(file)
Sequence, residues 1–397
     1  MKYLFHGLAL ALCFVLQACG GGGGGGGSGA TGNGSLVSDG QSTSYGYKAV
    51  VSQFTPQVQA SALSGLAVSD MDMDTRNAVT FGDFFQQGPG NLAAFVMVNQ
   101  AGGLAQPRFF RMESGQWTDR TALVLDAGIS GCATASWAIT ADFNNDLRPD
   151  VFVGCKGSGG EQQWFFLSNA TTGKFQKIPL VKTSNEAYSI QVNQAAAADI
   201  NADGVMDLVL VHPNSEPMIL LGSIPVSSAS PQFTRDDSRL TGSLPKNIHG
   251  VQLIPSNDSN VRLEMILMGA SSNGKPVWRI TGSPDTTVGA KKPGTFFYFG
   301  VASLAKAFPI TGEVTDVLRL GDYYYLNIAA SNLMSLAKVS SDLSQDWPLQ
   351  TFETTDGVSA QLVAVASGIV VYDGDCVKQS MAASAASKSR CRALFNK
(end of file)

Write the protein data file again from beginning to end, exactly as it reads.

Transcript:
Sequence, residues 1–397
     1  MKYLFHGLAL ALCFVLQACG GGGGGGGSGA TGNGSLVSDG QSTSYGYKAV
    51  VSQFTPQVQA SALSGLAVSD MDMDTRNAVT FGDFFQQGPG NLAAFVMVNQ
   101  AGGLAQPRFF RMESGQWTDR TALVLDAGIS GCATASWAIT ADFNNDLRPD
   151  VFVGCKGSGG EQQWFFLSNA TTGKFQKIPL VKTSNEAYSI QVNQAAAADI
   201  NADGVMDLVL VHPNSEPMIL LGSIPVSSAS PQFTRDDSRL TGSLPKNIHG
   251  VQLIPSNDSN VRLEMILMGA SSNGKPVWRI TGSPDTTVGA KKPGTFFYFG
   301  VASLAKAFPI TGEVTDVLRL GDYYYLNIAA SNLMSLAKVS SDLSQDWPLQ
   351  TFETTDGVSA QLVAVASGIV VYDGDCVKQS MAASAASKSR CRALFNK